What do NHS staff learn from training on the Mental Capacity Act (2005)?
Article first published online: 8 DEC 2011
© 2011 The British Psychological Society
Legal and Criminological Psychology
Volume 18, Issue 1, pages 83–101, February 2013
How to Cite
Willner, P., Bridle, J., Price, V., Dymond, S. and Lewis, G. (2013), What do NHS staff learn from training on the Mental Capacity Act (2005)?. Legal and Criminological Psychology, 18: 83–101. doi: 10.1111/j.2044-8333.2011.02035.x
- Issue published online: 21 JAN 2013
- Article first published online: 8 DEC 2011
- Received 10 July 2011; revised version received 10 November 2011
Purpose. Many studies have reported that professionals have a limited understanding of mental capacity issues. Implementation (in England and Wales) of the Mental Capacity Act (MCA) (2005) presents a challenge to services. The aim of this study was to evaluate the extent to which National Health Service (NHS) staff benefited from attending MCA training courses.
Methods. Participants were assessed before and after MCA training using a structured interview, which included three scenarios describing mental capacity dilemmas, four vignettes addressing the role of the Independent Mental Capacity Advocate (IMCA), and 16 true–false items.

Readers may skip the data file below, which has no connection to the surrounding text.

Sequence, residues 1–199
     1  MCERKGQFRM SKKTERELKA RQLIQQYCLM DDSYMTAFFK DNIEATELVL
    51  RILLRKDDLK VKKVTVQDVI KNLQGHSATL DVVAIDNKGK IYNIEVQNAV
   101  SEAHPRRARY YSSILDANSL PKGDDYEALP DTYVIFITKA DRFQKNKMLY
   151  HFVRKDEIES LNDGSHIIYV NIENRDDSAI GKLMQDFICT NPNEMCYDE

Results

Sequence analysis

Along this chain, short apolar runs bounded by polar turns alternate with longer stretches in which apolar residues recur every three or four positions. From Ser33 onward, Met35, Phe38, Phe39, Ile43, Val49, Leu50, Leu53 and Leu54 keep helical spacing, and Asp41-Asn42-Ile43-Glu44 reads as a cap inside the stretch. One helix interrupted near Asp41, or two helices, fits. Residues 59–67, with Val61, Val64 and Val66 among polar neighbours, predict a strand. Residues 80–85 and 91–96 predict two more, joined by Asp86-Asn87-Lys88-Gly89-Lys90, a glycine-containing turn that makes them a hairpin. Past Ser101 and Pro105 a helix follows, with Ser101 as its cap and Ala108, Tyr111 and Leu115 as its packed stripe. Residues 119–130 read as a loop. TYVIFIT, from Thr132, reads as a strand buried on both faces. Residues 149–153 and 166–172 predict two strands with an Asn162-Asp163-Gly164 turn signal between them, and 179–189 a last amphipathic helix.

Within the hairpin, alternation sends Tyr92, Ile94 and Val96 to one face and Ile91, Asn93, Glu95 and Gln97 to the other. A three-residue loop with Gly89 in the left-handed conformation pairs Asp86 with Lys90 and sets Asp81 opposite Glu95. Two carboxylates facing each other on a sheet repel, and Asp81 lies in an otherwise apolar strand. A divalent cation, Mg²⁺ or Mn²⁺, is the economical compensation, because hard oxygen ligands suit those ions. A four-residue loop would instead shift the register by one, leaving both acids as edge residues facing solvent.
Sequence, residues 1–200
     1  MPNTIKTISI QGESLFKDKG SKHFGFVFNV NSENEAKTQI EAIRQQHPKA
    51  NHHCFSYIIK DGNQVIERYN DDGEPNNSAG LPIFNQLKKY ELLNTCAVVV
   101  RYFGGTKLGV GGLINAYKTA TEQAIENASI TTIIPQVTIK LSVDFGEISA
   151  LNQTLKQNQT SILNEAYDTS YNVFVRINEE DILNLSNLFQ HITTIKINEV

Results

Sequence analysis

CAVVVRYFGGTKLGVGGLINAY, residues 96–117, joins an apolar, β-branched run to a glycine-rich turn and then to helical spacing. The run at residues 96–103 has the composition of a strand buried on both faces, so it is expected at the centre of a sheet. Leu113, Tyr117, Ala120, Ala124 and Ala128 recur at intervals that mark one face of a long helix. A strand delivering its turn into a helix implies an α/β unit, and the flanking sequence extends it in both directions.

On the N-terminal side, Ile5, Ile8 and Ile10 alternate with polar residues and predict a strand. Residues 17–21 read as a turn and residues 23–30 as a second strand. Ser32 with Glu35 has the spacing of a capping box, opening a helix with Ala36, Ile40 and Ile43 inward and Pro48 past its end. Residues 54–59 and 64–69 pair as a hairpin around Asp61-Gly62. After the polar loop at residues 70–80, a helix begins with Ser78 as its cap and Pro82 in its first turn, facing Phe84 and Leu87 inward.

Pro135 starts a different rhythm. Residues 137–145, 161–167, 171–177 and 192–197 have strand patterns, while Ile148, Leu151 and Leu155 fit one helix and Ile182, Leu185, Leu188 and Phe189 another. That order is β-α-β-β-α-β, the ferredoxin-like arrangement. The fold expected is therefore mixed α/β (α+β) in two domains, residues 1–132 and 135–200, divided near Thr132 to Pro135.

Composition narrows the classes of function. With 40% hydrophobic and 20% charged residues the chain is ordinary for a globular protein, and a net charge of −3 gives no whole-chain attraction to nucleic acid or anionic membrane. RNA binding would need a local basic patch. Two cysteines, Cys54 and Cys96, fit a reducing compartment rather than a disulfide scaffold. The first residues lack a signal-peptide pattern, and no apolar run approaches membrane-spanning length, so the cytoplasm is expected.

Results. Interview performance improved post-training, but this could be largely ascribed to an increased awareness of mental capacity issues, with minimal improvements in the knowledge that would be needed to undertake the assessments. Nine areas were identified where there remained significant gaps in participants’ knowledge post-training. Participants with experience of dealing with mental capacity issues performed better than those without.
Conclusions. The results suggest that methods other than formal training events may be needed to prepare health staff to implement new legislation.